Reasons Kenyan coffee has become a tough sell

Wednesday November 22 2017
coffee beans

Arabica coffee cherries delivered to a collection centre. Uganda, which developed it coffee policy four years ago is now doing better than Kenya. PHOTO FILE | NATION


A plan by the Kenyan government to put in place a policy to guide the coffee sub-sector into full recovery remains in limbo due to a delay by stakeholders endorsing the proposals.

The reforms, designed to empower farmers to improve production were developed last year by a presidential task force. The taskforce gazetted the rules before a group of farmers, supported by the Council of Governors (CoG), moved to the High Court to stop their implementation.

They argued that the regulations had not been subjected to public participation and the court subsequently declared the rules unconstitutional and issued an order stopping their implementation.

The government has since accused the CoG, which is a convention of Governors in all 47 counties, of teaming up with cartels to sabotage its efforts to revive the ailing sub-sector.

“We have several actors using the name of the farmer to delay reforms in the coffee industry,” Agriculture Cabinet Secretary, Willy Bett who is required to start developing the industry’s policy after endorsement of the proposed regulations, told a stakeholders meeting in Nairobi last month.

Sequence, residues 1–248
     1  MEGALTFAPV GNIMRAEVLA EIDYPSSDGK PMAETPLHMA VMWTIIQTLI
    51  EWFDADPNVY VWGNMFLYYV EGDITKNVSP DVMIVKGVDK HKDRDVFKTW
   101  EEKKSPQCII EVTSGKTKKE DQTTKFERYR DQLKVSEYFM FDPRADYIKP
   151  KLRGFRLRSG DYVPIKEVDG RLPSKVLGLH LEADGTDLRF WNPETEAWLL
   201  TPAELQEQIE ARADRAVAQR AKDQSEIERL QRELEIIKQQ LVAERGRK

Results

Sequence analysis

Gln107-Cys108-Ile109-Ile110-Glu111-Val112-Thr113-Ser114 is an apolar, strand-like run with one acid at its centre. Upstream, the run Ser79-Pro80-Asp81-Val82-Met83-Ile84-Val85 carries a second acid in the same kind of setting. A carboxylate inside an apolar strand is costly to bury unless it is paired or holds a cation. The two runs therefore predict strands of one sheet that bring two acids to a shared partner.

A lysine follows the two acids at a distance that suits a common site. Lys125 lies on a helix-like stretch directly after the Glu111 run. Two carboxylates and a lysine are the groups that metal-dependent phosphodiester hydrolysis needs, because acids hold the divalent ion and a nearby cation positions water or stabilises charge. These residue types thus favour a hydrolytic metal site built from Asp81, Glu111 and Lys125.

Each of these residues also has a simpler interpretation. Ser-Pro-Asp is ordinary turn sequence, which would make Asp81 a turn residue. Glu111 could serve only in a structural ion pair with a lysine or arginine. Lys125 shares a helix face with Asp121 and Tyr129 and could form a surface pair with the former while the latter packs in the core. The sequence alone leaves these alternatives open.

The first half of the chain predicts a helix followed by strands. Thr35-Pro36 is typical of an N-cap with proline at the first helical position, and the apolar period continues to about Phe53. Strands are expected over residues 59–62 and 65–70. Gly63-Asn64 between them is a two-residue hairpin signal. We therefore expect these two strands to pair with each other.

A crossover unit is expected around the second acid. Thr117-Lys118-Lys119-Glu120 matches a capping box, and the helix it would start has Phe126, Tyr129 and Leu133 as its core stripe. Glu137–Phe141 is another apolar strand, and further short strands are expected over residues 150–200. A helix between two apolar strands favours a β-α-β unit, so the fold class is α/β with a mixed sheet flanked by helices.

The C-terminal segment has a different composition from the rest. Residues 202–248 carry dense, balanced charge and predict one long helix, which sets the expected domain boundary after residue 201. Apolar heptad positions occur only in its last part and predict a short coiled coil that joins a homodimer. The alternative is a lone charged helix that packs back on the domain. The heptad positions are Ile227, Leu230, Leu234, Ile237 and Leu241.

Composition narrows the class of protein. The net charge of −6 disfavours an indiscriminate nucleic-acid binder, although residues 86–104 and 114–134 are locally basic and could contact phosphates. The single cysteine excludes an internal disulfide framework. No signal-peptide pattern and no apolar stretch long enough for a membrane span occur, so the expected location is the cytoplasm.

The government through the Agriculture Foods Authority, the industry regulator had convened the meeting.


Mr Bett told the participants who included officials of farmers’ saccos, millers, marketing agents, dealers and owners of coffee estates that they had been given 30 days by the court to consult before gazetting the regulations.

He said that he was prepared to sign the policy document but a group of Sacco officials called for deletion of sections they said were detrimental to the growth of the industry.

The coffee policy as stipulated in the proposed reforms aims to improve the marketing practices of Kenyan coffee, which would be certified and labelled for traceability.

Question of collusion

As the meeting noted, Uganda, which developed it coffee policy four years ago is now doing better than Kenya.

With establishment of the Uganda Coffee Authority, which deals with export and quality control, coffee has become the most important agricultural commodity and major foreign exchange earner for Uganda.

And though Uganda has been exporting more coffee than Kenya, the latter produces premium beans that are in high demand globally.

Currently, Kenyan coffee is blended with beans from other parts of the world, making its traceability difficult.

Most of the coffee grown in Uganda is Robusta, and is produced in bulk unlike the Arabica grown in Kenya. Arabica is of high quality and more expensive to produce.

Kenyan farmers have often accused their government of lacking the political goodwill to restructure the subsector and forcing several growers to uproot their coffee trees in favour of other crops.

The growers have no control over marketing of their coffee. After harvesting and delivering the red cherries to factories or wet mills, the farmer has no control over his crop.

All the work is done by farmers’ Saccos. These societies are registered by the government that also licenses commercial millers and marketing agents.

Some Sacco officials are known to collude with millers and marketers to steal from the growers.

In the marketing process, there are several other players. Cartels have also invaded it, reducing efficiency throughout the coffee chain.

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